Nella Larsen: Passing, Quicksand, and The Stories
The Rise to Motherhood in Larsen's Passing
Throughout much of Nella Larsen’s Passing, Irene Redfield and Clare Kendry are portrayed as polar opposites. Though they both occupy the role of a young African-American mother living during the prosperous 1920s, they define that role in intensely different ways. Clare is a vivacious, wild woman who rejects her “people” in favor of freedom and glamour, whereas her good childhood friend Irene is more subdued and tries to act proud of her racial background for the sake of her family. Their differences ultimately manifest in their approaches to motherhood, and much of the novel revolves around the choices they make with regards to racial passing and parenting. Maternity is central to the racial passing experiences of both Irene and Clare, because Larsen is suggesting that mothers are responsible for carrying on the honor of the race that they belong to. Clare’s attitude towards her racial passing and Irene’s beliefs against it are each shaped and affected subsequently by the ways they view themselves as mothers, and it is this friction that drives the narrative towards its inevitable tragic conclusion.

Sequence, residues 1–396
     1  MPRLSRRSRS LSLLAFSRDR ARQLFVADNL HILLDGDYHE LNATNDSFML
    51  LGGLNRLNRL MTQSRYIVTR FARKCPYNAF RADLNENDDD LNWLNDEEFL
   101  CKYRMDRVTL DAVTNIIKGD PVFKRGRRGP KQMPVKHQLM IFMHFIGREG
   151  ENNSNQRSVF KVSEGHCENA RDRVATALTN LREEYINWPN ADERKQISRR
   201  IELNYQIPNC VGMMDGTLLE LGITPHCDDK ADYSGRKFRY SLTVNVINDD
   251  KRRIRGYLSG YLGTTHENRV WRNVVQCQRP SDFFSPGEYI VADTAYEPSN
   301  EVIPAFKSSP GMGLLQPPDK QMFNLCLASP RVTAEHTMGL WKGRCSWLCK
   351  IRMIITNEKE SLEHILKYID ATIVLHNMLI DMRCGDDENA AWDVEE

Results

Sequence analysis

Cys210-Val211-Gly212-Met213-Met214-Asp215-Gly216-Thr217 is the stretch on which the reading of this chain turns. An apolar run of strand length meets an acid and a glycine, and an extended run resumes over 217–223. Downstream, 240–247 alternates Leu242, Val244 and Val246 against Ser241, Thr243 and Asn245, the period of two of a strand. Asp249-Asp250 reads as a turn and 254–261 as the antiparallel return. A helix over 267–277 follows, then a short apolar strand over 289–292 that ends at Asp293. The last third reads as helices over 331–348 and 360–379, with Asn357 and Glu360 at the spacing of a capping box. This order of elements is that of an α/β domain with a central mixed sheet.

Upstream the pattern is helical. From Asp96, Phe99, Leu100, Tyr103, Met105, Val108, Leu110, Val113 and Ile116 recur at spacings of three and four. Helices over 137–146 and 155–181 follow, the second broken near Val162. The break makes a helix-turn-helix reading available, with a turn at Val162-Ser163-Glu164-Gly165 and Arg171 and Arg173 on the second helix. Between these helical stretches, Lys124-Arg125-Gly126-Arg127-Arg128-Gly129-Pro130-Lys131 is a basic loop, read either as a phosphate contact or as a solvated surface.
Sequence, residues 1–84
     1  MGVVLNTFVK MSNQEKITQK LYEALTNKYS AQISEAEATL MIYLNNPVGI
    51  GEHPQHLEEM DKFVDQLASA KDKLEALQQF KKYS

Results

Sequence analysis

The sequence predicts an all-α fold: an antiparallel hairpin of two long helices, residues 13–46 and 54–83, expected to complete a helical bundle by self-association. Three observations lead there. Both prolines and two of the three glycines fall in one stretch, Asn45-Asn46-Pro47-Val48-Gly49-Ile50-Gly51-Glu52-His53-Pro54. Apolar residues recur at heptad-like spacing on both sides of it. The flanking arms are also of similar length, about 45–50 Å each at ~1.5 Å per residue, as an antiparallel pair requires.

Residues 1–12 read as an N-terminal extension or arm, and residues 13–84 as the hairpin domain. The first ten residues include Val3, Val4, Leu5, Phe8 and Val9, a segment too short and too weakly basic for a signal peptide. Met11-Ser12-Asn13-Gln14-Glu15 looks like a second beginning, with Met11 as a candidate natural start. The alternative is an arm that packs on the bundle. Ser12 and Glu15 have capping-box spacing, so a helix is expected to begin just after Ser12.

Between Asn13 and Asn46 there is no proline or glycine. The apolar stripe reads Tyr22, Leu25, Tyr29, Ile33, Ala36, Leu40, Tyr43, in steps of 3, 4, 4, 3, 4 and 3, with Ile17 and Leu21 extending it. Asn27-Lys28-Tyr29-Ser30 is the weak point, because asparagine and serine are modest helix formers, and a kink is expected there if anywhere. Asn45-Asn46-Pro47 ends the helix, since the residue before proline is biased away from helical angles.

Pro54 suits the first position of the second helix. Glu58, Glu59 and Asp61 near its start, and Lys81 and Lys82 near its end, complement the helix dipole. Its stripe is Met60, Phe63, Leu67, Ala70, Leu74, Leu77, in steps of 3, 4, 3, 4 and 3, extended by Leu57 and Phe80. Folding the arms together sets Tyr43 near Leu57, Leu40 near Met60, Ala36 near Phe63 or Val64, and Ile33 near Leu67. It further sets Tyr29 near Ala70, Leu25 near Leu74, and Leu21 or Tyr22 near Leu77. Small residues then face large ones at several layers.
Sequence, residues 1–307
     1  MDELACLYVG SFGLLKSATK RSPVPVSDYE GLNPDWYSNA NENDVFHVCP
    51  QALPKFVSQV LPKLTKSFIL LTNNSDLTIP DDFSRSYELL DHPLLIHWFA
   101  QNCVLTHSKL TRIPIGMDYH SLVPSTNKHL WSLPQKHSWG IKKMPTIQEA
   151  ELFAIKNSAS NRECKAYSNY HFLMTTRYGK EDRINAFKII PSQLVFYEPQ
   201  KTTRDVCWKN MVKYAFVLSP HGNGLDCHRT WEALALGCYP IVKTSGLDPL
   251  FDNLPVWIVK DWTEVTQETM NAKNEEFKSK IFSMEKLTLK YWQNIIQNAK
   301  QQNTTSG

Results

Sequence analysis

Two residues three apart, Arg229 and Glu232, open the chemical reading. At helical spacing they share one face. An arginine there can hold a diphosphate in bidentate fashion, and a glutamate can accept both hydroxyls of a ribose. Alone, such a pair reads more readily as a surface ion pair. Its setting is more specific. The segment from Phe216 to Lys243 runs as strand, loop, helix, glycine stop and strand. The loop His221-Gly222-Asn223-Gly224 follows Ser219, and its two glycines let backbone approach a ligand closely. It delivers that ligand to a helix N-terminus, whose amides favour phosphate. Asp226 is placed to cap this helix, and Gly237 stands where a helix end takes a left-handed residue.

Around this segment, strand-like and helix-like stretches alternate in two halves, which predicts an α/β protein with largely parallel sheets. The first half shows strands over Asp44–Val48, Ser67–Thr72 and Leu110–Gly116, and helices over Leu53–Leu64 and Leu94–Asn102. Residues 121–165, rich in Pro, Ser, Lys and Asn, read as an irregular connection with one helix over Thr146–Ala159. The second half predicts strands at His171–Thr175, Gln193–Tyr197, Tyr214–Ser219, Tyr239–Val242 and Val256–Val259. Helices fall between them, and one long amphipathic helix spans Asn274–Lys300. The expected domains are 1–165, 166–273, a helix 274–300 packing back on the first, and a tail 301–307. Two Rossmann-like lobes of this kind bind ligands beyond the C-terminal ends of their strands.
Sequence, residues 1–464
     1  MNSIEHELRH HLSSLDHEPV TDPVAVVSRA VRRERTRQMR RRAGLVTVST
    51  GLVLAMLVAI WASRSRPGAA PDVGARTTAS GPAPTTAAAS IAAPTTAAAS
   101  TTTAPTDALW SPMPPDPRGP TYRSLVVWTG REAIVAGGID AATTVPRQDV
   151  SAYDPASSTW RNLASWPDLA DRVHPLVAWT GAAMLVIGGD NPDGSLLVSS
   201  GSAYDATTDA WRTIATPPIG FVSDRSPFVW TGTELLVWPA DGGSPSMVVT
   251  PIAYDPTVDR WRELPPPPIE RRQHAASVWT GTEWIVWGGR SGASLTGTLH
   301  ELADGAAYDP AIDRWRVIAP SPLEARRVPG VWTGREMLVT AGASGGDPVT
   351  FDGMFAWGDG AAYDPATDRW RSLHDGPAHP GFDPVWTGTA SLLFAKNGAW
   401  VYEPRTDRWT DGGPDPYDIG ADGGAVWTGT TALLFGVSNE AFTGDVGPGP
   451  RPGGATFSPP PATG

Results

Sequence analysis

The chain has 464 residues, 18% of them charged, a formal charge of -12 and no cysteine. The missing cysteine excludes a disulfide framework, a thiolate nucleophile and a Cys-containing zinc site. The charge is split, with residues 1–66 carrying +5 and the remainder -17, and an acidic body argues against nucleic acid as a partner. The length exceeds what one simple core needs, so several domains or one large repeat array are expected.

The importance of the maternal figure is established early on in the novel, beginning with the free spirited Clare Kendry. Her own...
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